Does a dead language have any place in a 21st century curriculum? Is it useful? Is it relevant? Does it have value as an enrichment to the core curriculum? I think it does and for the following reasons.
1. Latin offers young people a glimpse into the life and times of the ancient Romans.
Yes, they can read about ancient Rome and watch the videos. They can learn about expansion of the Roman Empire under Julius Caesar. All that information is readily available. But it is filtered information. The whole point of learning a language is to be able to read source materials. I don't want somebody telling me what Julius Caesar said. I want to read it for myself. I want to understand what Caesar said, why he said it, how he said it - the works.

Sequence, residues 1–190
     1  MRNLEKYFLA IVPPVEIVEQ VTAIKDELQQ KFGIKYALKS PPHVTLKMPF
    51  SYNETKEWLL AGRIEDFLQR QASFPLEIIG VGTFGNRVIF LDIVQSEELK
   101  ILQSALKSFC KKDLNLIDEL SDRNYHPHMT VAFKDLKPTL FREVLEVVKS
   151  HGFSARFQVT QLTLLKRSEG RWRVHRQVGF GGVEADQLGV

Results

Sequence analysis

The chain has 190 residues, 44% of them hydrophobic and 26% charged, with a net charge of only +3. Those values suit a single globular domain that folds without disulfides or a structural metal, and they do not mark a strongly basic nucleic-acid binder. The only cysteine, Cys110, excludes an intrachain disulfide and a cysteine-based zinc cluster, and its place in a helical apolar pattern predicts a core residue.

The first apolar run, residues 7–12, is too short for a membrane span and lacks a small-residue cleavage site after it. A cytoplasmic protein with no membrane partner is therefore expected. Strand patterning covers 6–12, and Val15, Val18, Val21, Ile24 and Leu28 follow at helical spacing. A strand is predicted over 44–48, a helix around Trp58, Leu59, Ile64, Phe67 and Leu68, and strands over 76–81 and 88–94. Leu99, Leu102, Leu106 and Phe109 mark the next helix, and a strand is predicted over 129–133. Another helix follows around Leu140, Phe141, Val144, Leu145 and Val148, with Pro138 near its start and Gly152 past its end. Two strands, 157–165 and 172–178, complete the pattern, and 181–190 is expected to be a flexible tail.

With that assumption in mind it makes sense to allow students to experience the language by learning how to speak it. Perhaps Latin may be a dead language in the sense that it is no longer the lingua franca of commerce and world affairs. On the other hand Latin is a beautiful sounding language which will delight young listeners.
I will disclaim that I learned Latin back in the 50s and 60s when it was taught in the rather old-fashioned way languages were taught back then. You learned endless conjugations and declensions. You struggled with Latin's nuanced sense of tense. Et cetera. It would have been rather dry and dull had it not been for . . .read more